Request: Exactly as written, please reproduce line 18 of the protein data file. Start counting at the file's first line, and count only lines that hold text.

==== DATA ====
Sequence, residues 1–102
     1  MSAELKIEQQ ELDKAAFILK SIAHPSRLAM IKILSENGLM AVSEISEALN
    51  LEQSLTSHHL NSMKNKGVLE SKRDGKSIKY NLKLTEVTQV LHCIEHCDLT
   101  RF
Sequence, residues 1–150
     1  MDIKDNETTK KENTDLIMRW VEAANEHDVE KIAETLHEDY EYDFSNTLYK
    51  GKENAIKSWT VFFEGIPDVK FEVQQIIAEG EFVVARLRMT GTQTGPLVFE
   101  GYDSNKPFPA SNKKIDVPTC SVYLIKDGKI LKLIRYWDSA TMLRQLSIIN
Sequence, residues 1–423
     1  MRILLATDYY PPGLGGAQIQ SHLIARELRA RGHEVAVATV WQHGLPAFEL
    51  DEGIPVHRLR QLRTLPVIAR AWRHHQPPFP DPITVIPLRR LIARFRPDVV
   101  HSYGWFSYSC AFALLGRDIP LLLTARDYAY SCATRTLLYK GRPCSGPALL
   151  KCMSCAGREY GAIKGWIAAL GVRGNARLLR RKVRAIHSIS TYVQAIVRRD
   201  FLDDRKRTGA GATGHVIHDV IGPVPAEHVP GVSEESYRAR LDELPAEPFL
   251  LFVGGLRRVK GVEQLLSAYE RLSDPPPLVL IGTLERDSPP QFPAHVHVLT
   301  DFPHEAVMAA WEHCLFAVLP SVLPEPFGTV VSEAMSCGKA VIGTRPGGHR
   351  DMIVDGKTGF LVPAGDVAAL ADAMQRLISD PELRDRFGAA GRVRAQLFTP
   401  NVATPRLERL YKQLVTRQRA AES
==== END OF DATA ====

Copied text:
   401  NVATPRLERL YKQLVTRQRA AES